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I have a display sample that I'd like to interface with a Linux SBC, the only issue is that the connector is not compatible. To make it possible to interface the two parts I've designed a PCB, trying to follow guidance on differential pair routing I found in a TI document.

My layout is below. It's a 4 layer PCB with two internal ground planes. I've used 7 mil trace width with 5 mil spacing, top and bottom layers (35um copper) are 0.2mm from the ground plane below. With all these things taken into account I believe I have a 90ohm differential impedance.

The overall distance between the two connectors is about 800mils. Unfortuantely I was unable to avoid vias due to the connector pin layout.

This is my first multi-differential pair layout, so I could really use some feedback. Is this design sufficient to work for MIPI DSI?

enter image description here

enter image description here

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  • \$\begingroup\$ Not familiar with the interface you're talking about. Can you provide some of the major requirements such as diff Z tolerance, length matching, etc. Also a link to a reference for that interface would be helpful. \$\endgroup\$
    – SteveSh
    Commented Mar 3, 2022 at 13:26
  • \$\begingroup\$ Annoyingly the MIPI DSI standard is one that's only available under license, but I found this page that has some relevant detail: pcbartists.com/design/pcb-design/mipi-dsi-pcb-layout-notes \$\endgroup\$
    – Sensors
    Commented Mar 3, 2022 at 14:05
  • \$\begingroup\$ The traces to R12 and R13 seem to cross over themselves twice \$\endgroup\$ Commented Mar 3, 2022 at 14:40
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    \$\begingroup\$ If you use two ground planes, I'd consider adding stitching vias where the pairs cross layers (top/bottom). \$\endgroup\$
    – Wesley Lee
    Commented Mar 3, 2022 at 14:46
  • \$\begingroup\$ @Damien - maybe for length matching within the diff pair? \$\endgroup\$
    – SteveSh
    Commented Mar 3, 2022 at 15:31

3 Answers 3

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It's a 4 layer PCB with two internal ground planes.

It's not a rule but generally, the outer layers are kept for signal lines and the internal layers are kept for power lines, one for positive (VCC, VDD or whatever) and the other one for GND. Using two GND layers on top of each other can make the impedance control a bit more complicated Someone please correct me if I'm wrong.

I've used 7 mil trace width with 5 mil spacing, top and bottom layers (35um copper) are 0.2mm from the ground plane below. With all these things taken into account I believe I have a 90ohm differential impedance.

The differential impedance of MIPI tracks should be 100 Ohms, not 90 (USB requires 90). Using this calculator, I found 100 Ohms by giving 9 mils of track width, 5 mils of track separation, 8 mils of dielectric (prepregs usually have a dielectric constant of 3.5 to 4.5 and I took 3.5) and 1.4mils/35um of copper thickness. Remember that you can't hit 100.0 Ohms in practice so I personally give a 5% tolerance.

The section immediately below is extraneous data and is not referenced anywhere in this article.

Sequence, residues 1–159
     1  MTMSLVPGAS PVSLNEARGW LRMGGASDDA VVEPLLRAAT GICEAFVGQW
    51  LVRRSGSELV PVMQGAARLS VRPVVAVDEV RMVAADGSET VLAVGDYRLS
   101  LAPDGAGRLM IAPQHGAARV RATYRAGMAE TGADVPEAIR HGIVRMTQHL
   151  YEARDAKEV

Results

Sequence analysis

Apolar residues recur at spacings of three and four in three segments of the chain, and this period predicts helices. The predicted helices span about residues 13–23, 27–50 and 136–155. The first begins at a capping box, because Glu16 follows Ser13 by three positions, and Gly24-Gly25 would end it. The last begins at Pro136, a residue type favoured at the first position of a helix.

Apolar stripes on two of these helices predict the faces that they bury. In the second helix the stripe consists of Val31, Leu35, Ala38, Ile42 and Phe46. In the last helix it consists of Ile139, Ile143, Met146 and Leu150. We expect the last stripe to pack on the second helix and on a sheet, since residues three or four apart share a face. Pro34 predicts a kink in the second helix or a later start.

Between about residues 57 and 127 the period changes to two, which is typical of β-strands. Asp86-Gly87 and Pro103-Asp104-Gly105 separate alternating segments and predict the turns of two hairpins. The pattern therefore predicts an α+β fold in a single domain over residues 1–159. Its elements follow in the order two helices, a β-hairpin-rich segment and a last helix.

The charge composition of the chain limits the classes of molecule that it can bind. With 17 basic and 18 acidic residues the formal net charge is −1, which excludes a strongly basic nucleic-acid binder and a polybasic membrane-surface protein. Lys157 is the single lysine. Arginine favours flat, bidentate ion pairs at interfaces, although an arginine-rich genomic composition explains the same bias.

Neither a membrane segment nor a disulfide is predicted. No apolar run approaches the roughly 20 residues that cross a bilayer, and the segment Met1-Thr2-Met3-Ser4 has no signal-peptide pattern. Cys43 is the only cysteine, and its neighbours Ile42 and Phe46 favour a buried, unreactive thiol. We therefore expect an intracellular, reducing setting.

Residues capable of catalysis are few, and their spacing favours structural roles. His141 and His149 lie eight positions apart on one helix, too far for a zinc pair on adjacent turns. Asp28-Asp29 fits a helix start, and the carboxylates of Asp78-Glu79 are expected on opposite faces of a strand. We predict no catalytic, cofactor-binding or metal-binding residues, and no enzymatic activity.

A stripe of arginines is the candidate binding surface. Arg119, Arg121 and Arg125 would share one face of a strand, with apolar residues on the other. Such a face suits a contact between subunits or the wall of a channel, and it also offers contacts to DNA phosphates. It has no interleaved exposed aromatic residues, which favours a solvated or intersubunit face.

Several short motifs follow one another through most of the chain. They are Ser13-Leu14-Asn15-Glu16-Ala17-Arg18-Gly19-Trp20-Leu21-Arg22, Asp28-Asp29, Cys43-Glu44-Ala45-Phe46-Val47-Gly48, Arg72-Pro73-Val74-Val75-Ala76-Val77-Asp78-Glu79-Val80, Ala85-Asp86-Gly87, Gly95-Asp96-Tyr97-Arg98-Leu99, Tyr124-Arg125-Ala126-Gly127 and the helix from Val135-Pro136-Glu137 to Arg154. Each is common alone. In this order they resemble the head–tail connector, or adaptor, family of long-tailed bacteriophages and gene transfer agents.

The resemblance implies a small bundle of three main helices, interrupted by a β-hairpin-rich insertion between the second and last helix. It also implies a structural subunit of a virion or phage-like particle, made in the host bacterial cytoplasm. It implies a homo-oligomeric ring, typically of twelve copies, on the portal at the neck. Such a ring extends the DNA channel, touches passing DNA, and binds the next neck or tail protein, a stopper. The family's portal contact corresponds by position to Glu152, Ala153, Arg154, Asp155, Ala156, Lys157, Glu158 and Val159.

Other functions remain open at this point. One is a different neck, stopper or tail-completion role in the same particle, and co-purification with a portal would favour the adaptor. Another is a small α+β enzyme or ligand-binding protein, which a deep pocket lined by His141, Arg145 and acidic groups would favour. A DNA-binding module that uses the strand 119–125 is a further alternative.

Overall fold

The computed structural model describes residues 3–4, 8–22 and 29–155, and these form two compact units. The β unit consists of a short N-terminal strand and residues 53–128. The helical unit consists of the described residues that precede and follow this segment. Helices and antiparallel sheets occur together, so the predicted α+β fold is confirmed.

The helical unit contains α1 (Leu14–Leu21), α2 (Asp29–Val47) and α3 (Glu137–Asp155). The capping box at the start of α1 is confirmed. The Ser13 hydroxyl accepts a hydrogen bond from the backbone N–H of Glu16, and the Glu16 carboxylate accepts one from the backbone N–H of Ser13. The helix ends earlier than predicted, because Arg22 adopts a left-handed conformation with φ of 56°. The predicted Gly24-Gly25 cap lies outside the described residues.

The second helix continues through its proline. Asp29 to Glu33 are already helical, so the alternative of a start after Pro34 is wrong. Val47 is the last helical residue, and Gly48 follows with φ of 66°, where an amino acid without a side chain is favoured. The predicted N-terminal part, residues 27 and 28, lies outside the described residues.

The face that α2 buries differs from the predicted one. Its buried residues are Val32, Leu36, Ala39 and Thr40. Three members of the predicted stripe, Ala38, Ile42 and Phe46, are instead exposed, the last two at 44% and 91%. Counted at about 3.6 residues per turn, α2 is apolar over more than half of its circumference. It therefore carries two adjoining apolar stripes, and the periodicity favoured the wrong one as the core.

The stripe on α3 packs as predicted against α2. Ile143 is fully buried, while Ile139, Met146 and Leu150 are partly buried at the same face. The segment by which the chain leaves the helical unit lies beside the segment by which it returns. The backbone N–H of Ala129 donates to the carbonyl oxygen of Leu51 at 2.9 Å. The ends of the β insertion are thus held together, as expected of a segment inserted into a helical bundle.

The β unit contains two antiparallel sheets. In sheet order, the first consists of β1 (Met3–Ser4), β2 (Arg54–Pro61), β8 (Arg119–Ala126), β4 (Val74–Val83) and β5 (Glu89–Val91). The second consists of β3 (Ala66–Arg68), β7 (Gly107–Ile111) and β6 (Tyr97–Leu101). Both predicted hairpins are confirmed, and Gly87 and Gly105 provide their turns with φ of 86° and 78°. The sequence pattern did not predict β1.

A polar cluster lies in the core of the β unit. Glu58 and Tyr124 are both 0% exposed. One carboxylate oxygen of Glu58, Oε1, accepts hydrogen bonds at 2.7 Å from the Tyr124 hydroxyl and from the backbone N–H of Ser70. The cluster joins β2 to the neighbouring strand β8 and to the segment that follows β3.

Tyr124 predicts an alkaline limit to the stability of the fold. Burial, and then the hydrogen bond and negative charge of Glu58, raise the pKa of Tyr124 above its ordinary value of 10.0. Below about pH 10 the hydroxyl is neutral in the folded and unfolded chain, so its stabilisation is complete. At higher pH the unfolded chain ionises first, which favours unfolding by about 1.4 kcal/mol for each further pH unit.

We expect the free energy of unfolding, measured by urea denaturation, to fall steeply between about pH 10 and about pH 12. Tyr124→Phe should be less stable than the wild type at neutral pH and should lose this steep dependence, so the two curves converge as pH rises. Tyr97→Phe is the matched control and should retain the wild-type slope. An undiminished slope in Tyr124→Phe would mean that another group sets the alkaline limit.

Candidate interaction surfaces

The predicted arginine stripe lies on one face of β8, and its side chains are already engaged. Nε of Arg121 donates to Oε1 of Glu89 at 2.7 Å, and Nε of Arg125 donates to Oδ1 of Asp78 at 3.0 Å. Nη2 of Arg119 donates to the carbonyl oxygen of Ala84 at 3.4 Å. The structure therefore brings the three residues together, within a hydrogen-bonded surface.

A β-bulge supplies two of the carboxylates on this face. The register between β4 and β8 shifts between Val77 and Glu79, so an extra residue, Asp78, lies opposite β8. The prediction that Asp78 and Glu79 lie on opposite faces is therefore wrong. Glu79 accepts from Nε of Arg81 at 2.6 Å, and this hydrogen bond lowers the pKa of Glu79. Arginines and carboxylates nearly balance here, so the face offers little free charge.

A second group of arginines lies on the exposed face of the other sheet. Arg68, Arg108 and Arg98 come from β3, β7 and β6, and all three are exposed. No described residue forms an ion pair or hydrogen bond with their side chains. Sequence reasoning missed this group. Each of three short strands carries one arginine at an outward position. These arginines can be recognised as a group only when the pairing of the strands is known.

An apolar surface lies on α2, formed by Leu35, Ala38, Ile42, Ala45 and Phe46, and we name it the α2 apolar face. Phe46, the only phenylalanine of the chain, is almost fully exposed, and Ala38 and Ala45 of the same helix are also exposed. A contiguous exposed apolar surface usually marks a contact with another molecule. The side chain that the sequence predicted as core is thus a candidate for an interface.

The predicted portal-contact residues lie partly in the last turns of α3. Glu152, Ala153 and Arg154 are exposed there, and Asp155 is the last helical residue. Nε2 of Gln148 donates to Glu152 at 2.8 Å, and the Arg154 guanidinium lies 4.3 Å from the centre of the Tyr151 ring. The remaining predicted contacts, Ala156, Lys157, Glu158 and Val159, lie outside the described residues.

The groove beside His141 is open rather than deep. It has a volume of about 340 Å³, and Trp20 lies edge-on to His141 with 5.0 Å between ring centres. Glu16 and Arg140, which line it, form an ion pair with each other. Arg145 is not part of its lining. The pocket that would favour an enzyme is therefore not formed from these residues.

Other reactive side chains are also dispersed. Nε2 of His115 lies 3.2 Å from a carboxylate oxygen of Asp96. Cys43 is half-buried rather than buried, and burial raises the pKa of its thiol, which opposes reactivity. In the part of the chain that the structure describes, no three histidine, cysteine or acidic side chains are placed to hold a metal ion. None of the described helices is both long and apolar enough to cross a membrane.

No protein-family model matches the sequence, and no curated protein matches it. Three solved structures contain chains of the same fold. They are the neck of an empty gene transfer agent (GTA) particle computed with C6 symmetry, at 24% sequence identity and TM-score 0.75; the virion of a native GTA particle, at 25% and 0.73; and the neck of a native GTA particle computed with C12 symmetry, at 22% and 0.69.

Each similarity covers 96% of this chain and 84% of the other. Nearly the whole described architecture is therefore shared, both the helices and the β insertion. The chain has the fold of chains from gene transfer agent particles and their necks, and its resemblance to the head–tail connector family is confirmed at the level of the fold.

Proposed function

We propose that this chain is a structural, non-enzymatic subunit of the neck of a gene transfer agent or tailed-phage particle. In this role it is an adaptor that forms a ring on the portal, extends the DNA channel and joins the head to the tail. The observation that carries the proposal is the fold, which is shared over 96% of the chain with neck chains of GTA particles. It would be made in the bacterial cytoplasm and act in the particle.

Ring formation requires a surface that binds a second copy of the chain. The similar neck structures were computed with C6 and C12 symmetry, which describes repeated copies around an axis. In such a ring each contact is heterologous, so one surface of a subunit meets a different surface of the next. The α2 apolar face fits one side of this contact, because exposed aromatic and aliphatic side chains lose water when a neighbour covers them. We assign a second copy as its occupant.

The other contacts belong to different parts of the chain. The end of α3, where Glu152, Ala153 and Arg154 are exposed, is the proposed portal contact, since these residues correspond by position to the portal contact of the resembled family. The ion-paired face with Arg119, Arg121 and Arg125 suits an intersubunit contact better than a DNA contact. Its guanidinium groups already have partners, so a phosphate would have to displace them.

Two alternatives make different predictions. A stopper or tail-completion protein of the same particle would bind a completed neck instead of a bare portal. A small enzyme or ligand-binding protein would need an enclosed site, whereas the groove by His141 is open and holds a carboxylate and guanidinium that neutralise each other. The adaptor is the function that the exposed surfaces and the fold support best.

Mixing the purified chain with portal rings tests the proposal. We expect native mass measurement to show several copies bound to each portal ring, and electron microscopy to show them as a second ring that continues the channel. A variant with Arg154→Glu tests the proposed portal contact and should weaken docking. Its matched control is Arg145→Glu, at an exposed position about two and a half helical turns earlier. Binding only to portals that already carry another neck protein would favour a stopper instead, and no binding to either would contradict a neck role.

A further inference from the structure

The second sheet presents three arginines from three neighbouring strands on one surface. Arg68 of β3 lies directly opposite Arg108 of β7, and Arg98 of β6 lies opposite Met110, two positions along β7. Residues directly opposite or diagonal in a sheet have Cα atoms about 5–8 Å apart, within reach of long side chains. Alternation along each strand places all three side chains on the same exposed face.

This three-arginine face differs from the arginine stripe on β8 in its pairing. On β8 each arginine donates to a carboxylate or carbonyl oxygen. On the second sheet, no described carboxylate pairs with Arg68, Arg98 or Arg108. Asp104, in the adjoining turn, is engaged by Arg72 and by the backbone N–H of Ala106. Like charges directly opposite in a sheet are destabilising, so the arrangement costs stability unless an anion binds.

And also, it's always good to have each pair the same length.

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  • \$\begingroup\$ Thanks, didn't realise it was 100 Ohms. I'm using a 4L impedance controlled stackup with a 7628 dielectric prepreg, which has a constant of 4.6 (cart.jlcpcb.com/impedance). I'll adjust for the higher impedance though and add some length to the shortest trace. It's not a huge distance so hopefully the mismatch will be <1mm. \$\endgroup\$
    – Sensors
    Commented Mar 4, 2022 at 8:38
  • \$\begingroup\$ @Sensors yeah, 7628s have a dielectric constant of 4.5. I was thinking about using 2116s as they are thinner thus easier to adjust the required thickness. Another option is 106 which is even more thinner. These two have a dielectric constant of approx. 3.5. \$\endgroup\$ Commented Mar 4, 2022 at 8:48
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Because you are changing layers (vias) you need to allow the return path to follow the differential signal. While particularly true for single ended signals, no differential pair is perfect so there will always be a return path. Add ground vias close to the layer transition vias of the differential pairs. For high speed signals, the return path will always follow the path of least inductance. This will be as close as possible to the driven signal line. In this case, in the ground plane directly under the driven signal. Once the signal transitions to another layer so must the return path transition to the ground plane nearest the driven signal. Not doing so will degrade signal integrity.

There are numerous references on this. Howard Johnson is a notable author on the subject.

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Yes you could use that stackup Signal/GND/GND/signal. Actually it's the best 4 layer Stackup that allow you to change layer and keep the same reference plan when you do the routing, as well it's good for EMI because of good decoupling between the power on the Top or bottom layer and the GND layers as the thickness between THE Top layer and GND or the Bottom layer and GND will be small.

Also regarding the via into the DSI lanes, you could SWAP lanes so you could avoid using vias, please check the datasheet of the processor you are using to make sure that could be swapped, but usually it could be swapped.

Thanks

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